The Girl Who Came Home : A Novel of the Titanic Paperback
by Hazel Gaynor
Inspired by true events, the New York Times bestselling novel The Girl Who Came Home is the poignant story of a group of Irish emigrants aboard RMS Titanic-a seamless blend of fact and fiction that explores the tragedy's impact and its lasting repercussions on survivors and their descendants.Ireland, 1912.
Fourteen members of a small village set sail on RMS Titanic, hoping to find a better life in America.
For seventeen-year-old Maggie Murphy, the journey is bittersweet.
Though her future lies in an unknown new place, her heart remains in Ireland with Seamus, the sweetheart she left behind.
When disaster strikes, Maggie is one of the lucky few passengers in steerage who survives.
Waking up alone in a New York hospital, she vows never to speak of the terror and panic of that terrible night ever again.Chicago, 1982.
Adrift after the death of her father, Grace Butler struggles to decide what comes next.
When her Great Nana Maggie shares the painful secret she harbored for almost a lifetime about the Titanic, the revelation gives Grace new direction-and leads her and Maggie to unexpected reunions with those they thought lost long ago.
- Format: Paperback
- Pages: 384 pages
- Publisher: HarperCollins Publishers Inc
- Publication Date: 01/04/2014
- Category: Modern & contemporary fiction (post c 1945)
- ISBN: 9780062316868
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Showing 1 - 5 of 23 reviews.
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Review by WizardsofWorch
This was not really a YA book but was well suited to YA.
Review by Cherylk
What a wonderful story author, Hazel, has weaved in The Girl Who Came Home. Maggie was a great character. For me she is what really made this book special. I did not really care about what most of the other people in this book. Well except for Harry, Maggie's friend, Peggy, and Grace, which is pretty much the main group of characters in this book. Although, I was not so much into Grace in the beginning. But as the story progressed and I got to know Grace better, I warmed up to her. What a happy ending for all. There is nothing you can do to really improve on for such a well known subject matter as the Titanic. The only thing you can really do is bring the story to life with good characters. Which as I stated before, I thought the author did a nice job in this area. As I was reading this book, I felt like I was one of the passengers on the Titanic. I could picture the upper class deck that Maggie walked on, saw the dining room, pictured her room in the lower deck, felt the water spray on my face, and could feel the cold water and the screams of fear. I look forward to reading more books from this author.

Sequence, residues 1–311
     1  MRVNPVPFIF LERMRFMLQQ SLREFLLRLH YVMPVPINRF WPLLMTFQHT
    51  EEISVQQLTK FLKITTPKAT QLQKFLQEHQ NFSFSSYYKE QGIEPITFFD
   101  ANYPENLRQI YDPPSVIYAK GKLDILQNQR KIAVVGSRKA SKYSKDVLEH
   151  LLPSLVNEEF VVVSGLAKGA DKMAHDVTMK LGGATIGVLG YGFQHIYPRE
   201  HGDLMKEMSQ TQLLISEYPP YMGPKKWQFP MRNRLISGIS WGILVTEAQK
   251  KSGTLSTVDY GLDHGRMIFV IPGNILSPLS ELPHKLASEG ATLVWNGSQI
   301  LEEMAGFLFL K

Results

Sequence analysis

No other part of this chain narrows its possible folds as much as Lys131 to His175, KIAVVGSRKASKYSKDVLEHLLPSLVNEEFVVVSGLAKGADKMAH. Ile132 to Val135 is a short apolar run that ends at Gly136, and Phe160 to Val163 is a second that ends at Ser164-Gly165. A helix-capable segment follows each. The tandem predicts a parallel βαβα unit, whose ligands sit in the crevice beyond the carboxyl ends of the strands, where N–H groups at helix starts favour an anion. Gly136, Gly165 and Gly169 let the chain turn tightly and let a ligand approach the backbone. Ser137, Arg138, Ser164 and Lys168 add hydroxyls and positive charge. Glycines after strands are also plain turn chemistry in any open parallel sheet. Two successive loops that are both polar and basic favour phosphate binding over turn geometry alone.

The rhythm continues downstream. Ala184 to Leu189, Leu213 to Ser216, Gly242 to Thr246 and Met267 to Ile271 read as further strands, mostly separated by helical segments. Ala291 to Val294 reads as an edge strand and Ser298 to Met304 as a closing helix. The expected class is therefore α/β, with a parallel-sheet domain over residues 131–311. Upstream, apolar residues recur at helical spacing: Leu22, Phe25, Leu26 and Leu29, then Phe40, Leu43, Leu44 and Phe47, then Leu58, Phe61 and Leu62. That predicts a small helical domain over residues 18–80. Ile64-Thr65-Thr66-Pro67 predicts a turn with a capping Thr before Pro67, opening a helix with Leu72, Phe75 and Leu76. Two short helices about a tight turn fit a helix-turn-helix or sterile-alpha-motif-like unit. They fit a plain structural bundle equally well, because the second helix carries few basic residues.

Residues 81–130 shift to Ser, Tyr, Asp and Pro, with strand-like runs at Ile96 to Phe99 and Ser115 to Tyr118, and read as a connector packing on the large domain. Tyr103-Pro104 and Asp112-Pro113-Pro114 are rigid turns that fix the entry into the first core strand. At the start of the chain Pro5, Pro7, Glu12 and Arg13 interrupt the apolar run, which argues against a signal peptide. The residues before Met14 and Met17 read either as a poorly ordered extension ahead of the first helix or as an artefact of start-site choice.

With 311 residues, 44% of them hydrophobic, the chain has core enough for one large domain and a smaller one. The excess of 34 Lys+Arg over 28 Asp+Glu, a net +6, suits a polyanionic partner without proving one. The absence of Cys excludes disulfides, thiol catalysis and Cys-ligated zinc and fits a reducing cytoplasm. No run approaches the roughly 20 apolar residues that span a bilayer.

Review by grumpydan
Maggie Murphy is 87 years old and a survivor of the Titanic, but has never spoken about it until now. She decides to share her story with you great-grand daughter Grace. What unfolds is a truly an inspirational story of love and second chances.Hazel Gaynor has taken facts about the Titanic tragedy and a group of women who left Ireland to find a better life in America and interwoven into this wonderful story of these women then and now. I really enjoyed how she added actual copies of telegraphs that were sent before the beginning of each chapter. As the story changes back from 1912 to 1982, I ached to find out what would happen. We all know what happened with the Titanic but I was curious to know about the characters involved. Very enjoyable story.
Review by dpappas
Review by Kimaoverstreet
Maggie Murphy, a recently orphaned Irish teen, is leaving her small village to emigrate to America with her spinster aunt. She will travel aboard the Titanic on its doomed maiden voyage. Seventy years later, her great-granddaughter, Grace Butler, struggles to find her way forward in life after the death of her beloved father. The stories of these two women (and a few more minor characters) are woven together in Hazel Gaynor's fiction debut, The Girl Who Came Home: A Novel of the Titanic.Originally self-published before being picked up by William Morrow, the story is highly readable and fairly light. It should appeal to readers of Victoria Hislop and Rosie Thomas, and would be a nice vacation book.I found parts of the tale to be overly contrived and the language a bit "cheesy" at times, generally leaning more towards chick lit than literary fiction. While I would have preferred more in the way of plot and character development, I did find the reading of this novel a pleasant way to pass a rainy day indoors.
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